Mainzeal was an enormous litigation risk. You could never sell the enterprise as it would be a bottomless pit of leaky-building relatated costs and repairs. It also explains why BNZ didn't continue extending credit to it.

However, if you put it into receivership and sell off the assets, you solve that problem. The entities that survive will likely have shed the liabilities associated with leaky buildings.

What do you think the receivership process is for. It basically freezes in time all liabilities (i.e., water-tight issues) and allows the company to be sold, allowing the good contracts to be continued.

The problem is you can specify what liabilties are good (i.e., sub-contractors) and what are bad (i.e., water-tight issues).

The law sets an priority for repayment: secured debts (i.e., BNZ), followed by employees and IRD, followed by everyone else.

In the unlikely event there is any money left over, then everyone else gets paid on a pro-rata basis. Should there be a new level of priority for subcontracts put them on an equal footing as employees (?) or below that but above everyone else?

Peter Gomm should have been the first one made redundant.

The risk in these companies is carried the sub-contractors and workers. They use the workers' assets to fund there operations .It is the total reverse of risk to reward ratio. Workers carry the risk and the owners take the profit and J-donkey says every thing is well with the world. Oh, and you can't have a living wage, decent housing, or if you're a worker, a regular income.

Main contractors manipulate the cashflow, often delay payments to their subbies, often don’t pay the full value of monthly claims and hold all the power. Most comments I’ve read regarding Mainzeal/receivership & subbies indicate that people commenting don’t understand how the system is structured or how the mechanism works, increasing exposure to the subbies over the course of a contract or multiple contracts.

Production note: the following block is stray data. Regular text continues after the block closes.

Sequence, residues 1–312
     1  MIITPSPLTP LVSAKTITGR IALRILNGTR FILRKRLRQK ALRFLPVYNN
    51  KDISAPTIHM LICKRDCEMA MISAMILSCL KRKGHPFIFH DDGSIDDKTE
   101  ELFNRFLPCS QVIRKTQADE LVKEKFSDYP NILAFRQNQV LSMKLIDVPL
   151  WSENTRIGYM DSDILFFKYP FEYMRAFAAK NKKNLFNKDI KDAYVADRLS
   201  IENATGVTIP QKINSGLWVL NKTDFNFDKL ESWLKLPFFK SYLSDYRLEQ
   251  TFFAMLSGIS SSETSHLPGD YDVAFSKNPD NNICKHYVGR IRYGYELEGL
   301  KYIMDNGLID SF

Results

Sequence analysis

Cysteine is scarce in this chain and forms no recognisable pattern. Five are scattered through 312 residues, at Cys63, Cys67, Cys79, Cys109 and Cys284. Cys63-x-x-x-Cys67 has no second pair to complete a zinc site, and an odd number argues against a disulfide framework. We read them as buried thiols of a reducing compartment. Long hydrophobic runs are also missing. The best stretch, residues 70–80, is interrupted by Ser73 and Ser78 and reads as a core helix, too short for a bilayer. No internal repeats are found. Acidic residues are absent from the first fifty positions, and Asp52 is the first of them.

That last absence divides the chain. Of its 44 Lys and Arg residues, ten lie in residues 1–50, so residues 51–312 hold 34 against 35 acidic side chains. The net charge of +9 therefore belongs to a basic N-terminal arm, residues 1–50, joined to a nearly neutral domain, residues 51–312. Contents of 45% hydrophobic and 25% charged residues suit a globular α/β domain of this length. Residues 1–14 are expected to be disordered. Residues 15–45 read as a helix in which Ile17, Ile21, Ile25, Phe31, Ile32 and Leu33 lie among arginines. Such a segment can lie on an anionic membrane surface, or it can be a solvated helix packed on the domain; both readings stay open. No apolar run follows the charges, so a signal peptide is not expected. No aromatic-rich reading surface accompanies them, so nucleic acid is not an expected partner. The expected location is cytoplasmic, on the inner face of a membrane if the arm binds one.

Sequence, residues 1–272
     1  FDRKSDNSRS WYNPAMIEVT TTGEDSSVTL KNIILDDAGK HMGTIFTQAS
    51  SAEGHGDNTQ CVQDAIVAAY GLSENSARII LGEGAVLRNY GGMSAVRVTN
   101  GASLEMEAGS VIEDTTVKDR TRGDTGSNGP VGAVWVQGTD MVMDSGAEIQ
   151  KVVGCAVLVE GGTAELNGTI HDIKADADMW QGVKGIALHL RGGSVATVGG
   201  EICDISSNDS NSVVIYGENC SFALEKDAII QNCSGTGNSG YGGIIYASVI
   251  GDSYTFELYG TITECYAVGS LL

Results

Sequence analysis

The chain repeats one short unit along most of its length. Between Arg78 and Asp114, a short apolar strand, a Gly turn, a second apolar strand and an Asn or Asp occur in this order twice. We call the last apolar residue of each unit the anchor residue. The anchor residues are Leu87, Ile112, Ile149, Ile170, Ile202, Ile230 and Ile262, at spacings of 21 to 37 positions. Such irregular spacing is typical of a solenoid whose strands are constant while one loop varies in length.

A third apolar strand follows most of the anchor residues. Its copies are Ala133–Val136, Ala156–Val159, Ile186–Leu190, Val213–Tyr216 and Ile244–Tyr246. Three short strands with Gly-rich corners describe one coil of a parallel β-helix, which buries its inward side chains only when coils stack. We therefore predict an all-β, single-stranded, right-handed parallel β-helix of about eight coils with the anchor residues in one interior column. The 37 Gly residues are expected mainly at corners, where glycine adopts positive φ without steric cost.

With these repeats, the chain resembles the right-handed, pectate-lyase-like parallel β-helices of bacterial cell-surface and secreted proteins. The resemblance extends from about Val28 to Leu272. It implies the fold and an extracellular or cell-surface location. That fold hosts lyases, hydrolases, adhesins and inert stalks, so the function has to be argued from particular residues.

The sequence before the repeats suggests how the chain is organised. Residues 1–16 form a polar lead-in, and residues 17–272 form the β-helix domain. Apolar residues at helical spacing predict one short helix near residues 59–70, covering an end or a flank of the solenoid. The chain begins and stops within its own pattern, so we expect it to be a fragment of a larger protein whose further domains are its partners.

The simple solution is that it should be mandatory for the principle/client of a project to receive a payment schedule from the main contractor verifying their subcontractor payments made before a further progress payment is approved to the main contractor. This will force the main contractors to not use the subbies to fund the project, as they do currently. For Maurice Williamson to express no desire to address this situation beggars belief.
Each separate trades representative body should get together and form one representative organisation and lobby government on behalf of all contractors. Now how many voters would that be?!!

Maurice Williamson does SFA as a minister, now or when he minister for telecommunication back in the 90s. The only thing he does really well is taking home the pay cheques.

All started with New Zealand changing the building code back in the 1990s and brought in untreated timber and shoddy practices.

As ye sow, ye reap.

Yes lots of us went on Friday and there will be a lot more finishing tonight/ tomorrow as well. Everyone still employed is on a day-to-day basis at the moment.

I'm still in shock and can not believe this has happened. We were told everybody was paid and up to date on 21st December and that we had a plan going forward and would be profitable by mid 2013.
Now seeing the numbers coming out from subbies, it looks on the face of it that we have been lied too?!?

Another group not been discussed is the King Facade employees. They are not covered by the receivership, but where locked out as they are on a Mainzeal site. A Mainzeal site which they bought off Richina for a lot of money, where did that money go?